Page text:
The journal Nature announced a diamond discovery that helped settle a dispute about the Earth’s composition. The dispute concerned whether there is water in the transition zone — the portion of the Earth’s mantle 250 to 410 miles underground. Skeptics have argued that water cannot exist at that depth...At around 310 miles underground, wadsleyite is pressed into ringwoodite. Both substances can hold water. Now, geophysicists working in Brazil have uncovered a diamond containing ringwoodite that came steaming out of a volcano...The paper emphasized the volume of water likely to be present in the transition zone — possibly more than all of the oceans combined. But it’s at least 250 miles underground, and we’ve never drilled deeper than seven.
The subject is covered in greater detail at Scientific American, where they indicate that the water in these minerals is carried to the mantle via plate tectonics:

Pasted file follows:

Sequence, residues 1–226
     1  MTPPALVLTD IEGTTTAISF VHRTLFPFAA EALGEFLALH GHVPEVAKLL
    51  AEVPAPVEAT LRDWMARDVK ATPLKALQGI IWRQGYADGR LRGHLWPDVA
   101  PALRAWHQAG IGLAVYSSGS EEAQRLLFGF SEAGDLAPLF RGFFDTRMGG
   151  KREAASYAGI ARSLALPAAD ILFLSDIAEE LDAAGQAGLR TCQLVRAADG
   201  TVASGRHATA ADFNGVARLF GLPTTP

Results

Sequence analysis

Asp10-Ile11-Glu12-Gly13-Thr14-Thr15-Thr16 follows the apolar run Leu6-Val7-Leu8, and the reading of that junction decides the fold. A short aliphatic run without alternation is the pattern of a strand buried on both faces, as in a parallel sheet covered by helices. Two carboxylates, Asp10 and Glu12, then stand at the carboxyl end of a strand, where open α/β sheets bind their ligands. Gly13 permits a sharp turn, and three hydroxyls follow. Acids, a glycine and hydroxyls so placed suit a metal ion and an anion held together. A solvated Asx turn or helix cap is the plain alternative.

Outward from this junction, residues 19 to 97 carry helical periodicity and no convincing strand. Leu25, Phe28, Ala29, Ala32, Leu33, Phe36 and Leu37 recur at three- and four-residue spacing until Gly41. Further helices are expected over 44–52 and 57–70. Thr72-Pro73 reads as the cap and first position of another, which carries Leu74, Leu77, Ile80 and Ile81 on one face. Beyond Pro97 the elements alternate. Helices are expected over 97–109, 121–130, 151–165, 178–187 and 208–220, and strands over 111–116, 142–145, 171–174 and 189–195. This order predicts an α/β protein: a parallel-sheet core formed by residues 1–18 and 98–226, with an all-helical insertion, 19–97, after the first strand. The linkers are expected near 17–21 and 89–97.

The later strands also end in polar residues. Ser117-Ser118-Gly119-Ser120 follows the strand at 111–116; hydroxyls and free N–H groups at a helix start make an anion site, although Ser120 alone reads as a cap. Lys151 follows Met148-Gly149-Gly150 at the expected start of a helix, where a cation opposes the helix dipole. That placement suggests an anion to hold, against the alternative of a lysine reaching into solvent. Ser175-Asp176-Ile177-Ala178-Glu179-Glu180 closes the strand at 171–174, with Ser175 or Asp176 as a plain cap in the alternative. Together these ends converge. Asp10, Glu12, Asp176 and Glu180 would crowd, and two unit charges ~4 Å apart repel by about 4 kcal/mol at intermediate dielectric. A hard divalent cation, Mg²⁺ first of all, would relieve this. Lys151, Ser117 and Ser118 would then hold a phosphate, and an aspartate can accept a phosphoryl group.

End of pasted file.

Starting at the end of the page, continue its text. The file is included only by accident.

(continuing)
Plate tectonics recycles Earth's crust by pushing and pulling slabs of oceanic crust into subduction zones, where it sinks into the mantle. This crust, soaked by the ocean, ferries water into the mantle. Many of these slabs end up stuck in the mantle transition zone. "We think that a significant portion of the water in the mantle transition zone is from the emplacement of these slabs," Pearson said. "The transition zone seems to be a graveyard of subducted slabs."
The Nature article is here.